The economy is in the dumper. Last year Games for Windows ceased to be a print publication. Rumors are swirling that EGM is next to go, and that 1up may be bought out. Clearly, says the internet, because Ziff-Davis properties are having trouble, all print magazines are doomed.
Well, I’d say it all depends on who makes them and how. Here’s what my publisher is doing right.
I know people on the interwebs find it stunning and unbelievable that print magazines about games are still in business, because a) they only read one and b) when that one goes away, they illogically assume that everybody is similarly screwed. So when someone can articulate why all print magazines are not alike and what makes some of them more successful than others, I think it’s worth bringing up.
Future has made some tough and unpleasant calls in the last three years, taking preventative measures — not the least of which include cancelling magazines that employed my wife. I’ve seen the dark side, but I also see the reasons for those unpopular decisions. I don’t know how the other publishers work, but I know mine is proactive and cautious. This is not a company that nods and smiles and says everything is fine; this is a company that says “Yeah, that’s a problem, it needs to be solved, now.” These are the things that internet wags cannot comprehend. What they see is “Magazine A is dead, so Magazines B through Z must also be dead.” But that’s just ignorance; they don’t know how the publishing business can or should work, but they will often pretend that they do, based on such incontrovertible evidence as disagreeing with a recent review. Truth is, they simply don’t know better. Stevie Spring knows better.
I’m not trying to dance on anybody’s grave, or hasten the fall of quality publications that are trying to recover from bad luck or bad decisions. But just because they’re fucked doesn’t mean we’re fucked.
Update, four hours later: Believe it or not, I had not read this rumor or this confirmation when I wrote this entry. I mean, I had heard those rumors a few weeks ago, but I didn’t know that the story was flaring up again. My post was not intended as a direct response to those developments, but it sure reads like one now.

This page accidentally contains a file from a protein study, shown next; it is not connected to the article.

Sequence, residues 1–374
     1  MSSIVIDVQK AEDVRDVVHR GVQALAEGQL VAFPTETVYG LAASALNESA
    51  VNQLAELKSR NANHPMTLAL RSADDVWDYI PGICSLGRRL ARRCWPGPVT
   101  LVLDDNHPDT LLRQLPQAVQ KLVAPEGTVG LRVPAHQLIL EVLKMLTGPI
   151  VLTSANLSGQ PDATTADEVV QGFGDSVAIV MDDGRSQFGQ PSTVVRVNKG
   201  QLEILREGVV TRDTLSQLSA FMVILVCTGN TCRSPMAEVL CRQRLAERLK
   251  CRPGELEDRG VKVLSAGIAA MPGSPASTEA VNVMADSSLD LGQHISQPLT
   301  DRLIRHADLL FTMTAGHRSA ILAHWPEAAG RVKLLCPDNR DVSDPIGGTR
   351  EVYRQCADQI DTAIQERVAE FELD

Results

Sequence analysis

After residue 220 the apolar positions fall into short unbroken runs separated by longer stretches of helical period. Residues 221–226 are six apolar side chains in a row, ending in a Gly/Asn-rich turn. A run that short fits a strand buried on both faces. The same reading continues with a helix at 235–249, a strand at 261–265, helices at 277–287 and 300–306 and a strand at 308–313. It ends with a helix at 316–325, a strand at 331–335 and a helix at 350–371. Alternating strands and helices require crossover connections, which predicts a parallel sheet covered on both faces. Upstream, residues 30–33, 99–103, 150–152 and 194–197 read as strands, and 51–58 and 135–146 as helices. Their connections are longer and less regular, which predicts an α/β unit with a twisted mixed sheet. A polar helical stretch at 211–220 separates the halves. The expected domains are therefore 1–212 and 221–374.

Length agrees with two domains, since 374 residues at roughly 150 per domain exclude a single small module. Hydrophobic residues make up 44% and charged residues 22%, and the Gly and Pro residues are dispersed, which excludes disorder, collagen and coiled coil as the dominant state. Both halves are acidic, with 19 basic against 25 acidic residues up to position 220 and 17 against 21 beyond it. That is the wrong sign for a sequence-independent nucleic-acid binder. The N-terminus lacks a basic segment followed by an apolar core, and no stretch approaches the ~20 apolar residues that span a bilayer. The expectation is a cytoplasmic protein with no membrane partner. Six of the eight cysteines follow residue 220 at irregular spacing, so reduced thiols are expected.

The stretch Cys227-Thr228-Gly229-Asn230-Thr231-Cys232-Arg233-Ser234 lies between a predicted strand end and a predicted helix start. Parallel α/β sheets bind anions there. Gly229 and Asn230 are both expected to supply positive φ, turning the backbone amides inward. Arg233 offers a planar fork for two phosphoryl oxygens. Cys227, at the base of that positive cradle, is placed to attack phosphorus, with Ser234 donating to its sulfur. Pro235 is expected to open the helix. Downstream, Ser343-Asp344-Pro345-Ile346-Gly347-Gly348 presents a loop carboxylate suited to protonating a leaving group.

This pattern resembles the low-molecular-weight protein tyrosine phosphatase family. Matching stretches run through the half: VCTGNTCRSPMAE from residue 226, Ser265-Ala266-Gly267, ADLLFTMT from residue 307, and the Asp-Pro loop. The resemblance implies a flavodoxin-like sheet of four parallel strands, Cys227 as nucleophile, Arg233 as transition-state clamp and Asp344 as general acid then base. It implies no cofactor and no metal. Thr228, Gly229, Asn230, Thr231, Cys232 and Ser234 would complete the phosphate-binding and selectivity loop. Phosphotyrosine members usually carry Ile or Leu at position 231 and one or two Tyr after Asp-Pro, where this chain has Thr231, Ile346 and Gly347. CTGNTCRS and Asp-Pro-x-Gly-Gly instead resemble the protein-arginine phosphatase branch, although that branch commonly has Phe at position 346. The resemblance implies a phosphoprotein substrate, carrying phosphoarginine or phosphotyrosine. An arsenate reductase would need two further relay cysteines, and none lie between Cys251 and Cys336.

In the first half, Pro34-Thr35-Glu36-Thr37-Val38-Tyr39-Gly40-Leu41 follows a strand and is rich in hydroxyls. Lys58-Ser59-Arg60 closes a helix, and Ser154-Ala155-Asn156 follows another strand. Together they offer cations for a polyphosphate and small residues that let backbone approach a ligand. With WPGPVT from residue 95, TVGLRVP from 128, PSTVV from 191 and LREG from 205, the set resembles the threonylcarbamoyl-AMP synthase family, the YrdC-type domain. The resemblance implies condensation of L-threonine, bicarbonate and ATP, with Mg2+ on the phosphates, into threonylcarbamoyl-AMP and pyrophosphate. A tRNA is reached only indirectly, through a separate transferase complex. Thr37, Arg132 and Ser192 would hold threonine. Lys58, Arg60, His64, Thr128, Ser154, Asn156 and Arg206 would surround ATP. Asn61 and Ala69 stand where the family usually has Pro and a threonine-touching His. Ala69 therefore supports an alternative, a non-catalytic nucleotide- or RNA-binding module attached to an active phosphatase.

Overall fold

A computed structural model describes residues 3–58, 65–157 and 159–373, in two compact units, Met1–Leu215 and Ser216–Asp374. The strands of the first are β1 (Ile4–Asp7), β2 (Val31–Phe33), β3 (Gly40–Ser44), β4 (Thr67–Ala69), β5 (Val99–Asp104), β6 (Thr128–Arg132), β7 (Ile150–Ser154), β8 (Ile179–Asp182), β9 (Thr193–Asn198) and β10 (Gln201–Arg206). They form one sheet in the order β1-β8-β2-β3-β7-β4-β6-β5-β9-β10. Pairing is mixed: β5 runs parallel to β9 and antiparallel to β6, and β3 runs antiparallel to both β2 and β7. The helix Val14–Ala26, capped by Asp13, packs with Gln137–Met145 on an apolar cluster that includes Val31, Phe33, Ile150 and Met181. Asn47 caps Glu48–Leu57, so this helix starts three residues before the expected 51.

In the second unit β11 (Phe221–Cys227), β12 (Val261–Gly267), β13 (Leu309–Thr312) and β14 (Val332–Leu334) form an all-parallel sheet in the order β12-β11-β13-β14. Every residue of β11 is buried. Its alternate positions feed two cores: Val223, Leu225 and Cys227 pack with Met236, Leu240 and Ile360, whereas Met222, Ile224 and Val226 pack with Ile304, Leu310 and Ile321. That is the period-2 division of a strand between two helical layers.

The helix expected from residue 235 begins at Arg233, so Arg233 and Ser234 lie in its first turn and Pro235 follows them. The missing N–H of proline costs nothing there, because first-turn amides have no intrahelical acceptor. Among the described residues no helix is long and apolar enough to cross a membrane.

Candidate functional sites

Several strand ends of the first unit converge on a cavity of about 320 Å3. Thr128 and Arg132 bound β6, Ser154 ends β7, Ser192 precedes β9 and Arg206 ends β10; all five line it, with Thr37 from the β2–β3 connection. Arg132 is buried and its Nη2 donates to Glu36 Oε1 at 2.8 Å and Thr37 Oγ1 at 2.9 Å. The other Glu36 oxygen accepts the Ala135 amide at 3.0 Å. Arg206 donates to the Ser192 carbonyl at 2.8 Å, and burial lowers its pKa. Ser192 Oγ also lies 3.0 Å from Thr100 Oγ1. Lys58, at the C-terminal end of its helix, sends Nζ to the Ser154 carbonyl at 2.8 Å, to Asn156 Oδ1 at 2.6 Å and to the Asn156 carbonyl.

I will only add that the one thing that IDG and Future had in common when I was at both companies was a cautious nature when it came to business. Ziff’s plan with EGM looked more like “pump it to dump it” — they were looking to sell the magazine, so they invested in different areas that maximized attractiveness rather than stability. That’s my outsider take, anyway.
I would also remind people that a business deal does not reflect on the editorial quality. EGM was and is held in high regard — I can’t count the number of times I was envious of what they were doing and tried to push harder to counter it. That’s the hallmark of healthy competition. I’m remembering the good bits and find myself more than a little surprised that the mag’s run is apparently over.
But quality magazines do go out of business, just like nice people die. You don’t pick when your time is up, no matter how good you are.
Update 2: And sadly, Kotaku’s report was exactly what I predicted. “RIP, games magazines.” Joystiq chimes in with “the dying breed of print media.” Sigh. Did I call it or what?